The bottom line is that training in a game situation is superior to isolated skill training as it leads to better transfer from practice to competition. This is where the concept of “the game teaches the game” comes from.

But we need to give them lots of repetitions

Yes, players need repetitions to learn and develop. Not all repetitions have the same value, though. Game-like repetitions have a higher value when it comes to making our players better at playing the game than blocked repetitions. That means you need fewer game-like repetitions to get the same training impact. And I bet you can get just as many reps in game-like situations as you would probably do in a blocked drill, especially if you set things up to encourage it.

Do this exercise some time. Have your team play a winners-stay-on game (often called King or Queen of the Court). Usually there is a serve to start each rally. I want you to count how many reception attempts there are in the game (so total serves minus service errors). If you want to go even deeper, count how many attempts each of your passers get. Let the game go on for the same amount of time you would normally spend working on reception in a more blocked exercise. Then compare the totals between the two different activities.

My guess is you’ll find get totals closer than you might have thought. It’s easy for us to forget to count repetitions that happen in games as repetitions, but that’s exactly what they are.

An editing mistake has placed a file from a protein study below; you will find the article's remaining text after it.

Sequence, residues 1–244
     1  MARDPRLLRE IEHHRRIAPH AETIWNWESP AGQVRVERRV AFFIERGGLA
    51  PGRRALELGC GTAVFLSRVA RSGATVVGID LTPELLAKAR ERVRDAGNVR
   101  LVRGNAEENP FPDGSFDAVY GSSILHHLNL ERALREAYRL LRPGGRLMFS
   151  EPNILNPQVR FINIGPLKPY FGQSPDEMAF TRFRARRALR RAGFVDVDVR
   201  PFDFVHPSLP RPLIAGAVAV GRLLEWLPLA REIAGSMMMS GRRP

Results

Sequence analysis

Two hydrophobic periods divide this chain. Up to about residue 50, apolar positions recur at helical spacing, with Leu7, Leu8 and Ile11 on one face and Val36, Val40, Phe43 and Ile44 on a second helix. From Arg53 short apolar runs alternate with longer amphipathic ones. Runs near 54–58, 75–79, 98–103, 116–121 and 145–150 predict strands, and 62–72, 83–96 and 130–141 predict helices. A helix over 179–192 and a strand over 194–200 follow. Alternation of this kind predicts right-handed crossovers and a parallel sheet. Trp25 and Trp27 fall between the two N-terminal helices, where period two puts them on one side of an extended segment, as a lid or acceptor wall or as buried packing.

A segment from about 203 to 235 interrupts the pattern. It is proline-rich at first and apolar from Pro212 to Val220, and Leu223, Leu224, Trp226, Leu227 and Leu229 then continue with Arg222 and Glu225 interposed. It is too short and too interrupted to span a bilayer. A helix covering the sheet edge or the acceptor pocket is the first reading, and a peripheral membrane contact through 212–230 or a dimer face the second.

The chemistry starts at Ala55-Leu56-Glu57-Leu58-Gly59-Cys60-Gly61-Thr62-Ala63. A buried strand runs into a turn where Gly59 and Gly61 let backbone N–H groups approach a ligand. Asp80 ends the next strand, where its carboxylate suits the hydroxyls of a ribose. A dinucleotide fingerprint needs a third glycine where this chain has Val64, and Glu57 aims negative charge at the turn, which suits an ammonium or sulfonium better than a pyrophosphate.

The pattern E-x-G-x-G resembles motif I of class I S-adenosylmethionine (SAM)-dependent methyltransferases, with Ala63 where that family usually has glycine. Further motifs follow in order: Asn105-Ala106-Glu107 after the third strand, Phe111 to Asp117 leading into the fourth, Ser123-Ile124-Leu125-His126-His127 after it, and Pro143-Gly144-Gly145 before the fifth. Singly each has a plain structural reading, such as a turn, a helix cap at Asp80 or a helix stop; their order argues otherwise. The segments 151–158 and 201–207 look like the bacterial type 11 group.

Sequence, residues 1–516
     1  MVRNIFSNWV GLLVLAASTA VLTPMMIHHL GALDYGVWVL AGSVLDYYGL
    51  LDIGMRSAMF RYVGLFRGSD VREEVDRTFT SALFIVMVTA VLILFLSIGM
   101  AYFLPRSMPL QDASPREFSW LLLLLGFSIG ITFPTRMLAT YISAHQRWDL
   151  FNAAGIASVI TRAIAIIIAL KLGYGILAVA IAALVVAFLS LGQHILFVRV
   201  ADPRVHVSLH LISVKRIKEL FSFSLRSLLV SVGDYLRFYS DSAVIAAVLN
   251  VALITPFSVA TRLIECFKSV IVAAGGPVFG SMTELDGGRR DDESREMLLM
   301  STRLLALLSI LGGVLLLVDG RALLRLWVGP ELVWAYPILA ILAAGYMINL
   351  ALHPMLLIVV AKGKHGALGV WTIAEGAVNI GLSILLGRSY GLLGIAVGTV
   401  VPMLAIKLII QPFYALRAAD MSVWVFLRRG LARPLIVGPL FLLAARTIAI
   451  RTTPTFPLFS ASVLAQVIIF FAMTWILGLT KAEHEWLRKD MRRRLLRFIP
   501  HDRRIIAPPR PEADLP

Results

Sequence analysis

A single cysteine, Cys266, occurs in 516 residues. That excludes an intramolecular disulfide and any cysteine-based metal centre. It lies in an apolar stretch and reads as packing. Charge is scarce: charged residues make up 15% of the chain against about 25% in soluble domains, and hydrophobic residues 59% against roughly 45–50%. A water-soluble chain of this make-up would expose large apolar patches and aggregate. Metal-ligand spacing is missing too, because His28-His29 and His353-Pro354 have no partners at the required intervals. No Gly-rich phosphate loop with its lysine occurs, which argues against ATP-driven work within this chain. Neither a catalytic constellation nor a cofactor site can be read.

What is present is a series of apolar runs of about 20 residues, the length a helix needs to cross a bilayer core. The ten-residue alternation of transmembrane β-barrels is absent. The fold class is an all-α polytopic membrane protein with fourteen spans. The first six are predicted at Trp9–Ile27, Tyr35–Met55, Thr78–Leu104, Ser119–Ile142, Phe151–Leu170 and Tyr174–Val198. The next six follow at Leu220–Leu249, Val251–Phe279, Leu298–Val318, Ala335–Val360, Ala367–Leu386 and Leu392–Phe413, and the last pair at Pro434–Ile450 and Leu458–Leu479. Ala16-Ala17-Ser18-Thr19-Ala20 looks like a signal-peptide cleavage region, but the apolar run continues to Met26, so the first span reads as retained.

Now, add on to that a couple of extra considerations. First is obviously that the game repetitions produce more transfer than the blocked ones, as outlined above. Second, and perhaps equally importantly, the reception attempts in the game are probably more challenging than they would be in a blocked drill. Why? Because servers in blocked passing drills are generally just trying to make it go as quickly and easily as possible.

Let me add a final thing to think about on this subject of repetitions. During blocked drills the focus tends to be on just one or a small number of players. There may be others involved – servers and targets in a serve reception drill, for example – but they are usually just there to support the ones actually doing the learning. In the game, though, many more players are involved. They are getting good repetitions in more than just one skill.

Keeping to the winners-stay-on example, obviously all the skills of the game are used, but let’s just think about the serving. Because each rally starts with a serve that means the players are practicing serves that are meant to help their team win the rally at the same time the receivers are working on passing those types of serves. The game therefore is doing double duty when just considering those two skills. That’s more efficient for you as a coach because it means you can get more training in the same amount of time.

But we can’t just play!

The most common argument against fully random training is that we cannot possibly just play all the time in training. This is obviously true in the case where we don’t have enough players to play, such as when doing individual lessons. This is something I will circle back to later. For now, though, I want to address the situation where we actually do have enough players.

Yes, we really can just play – sort of

The first thing I will say is that we actually can just play games all training long. I don’t mean simply rolling the balls out and letting the players play. Also, I’m not saying they can only play 6 v 6. Let me explain.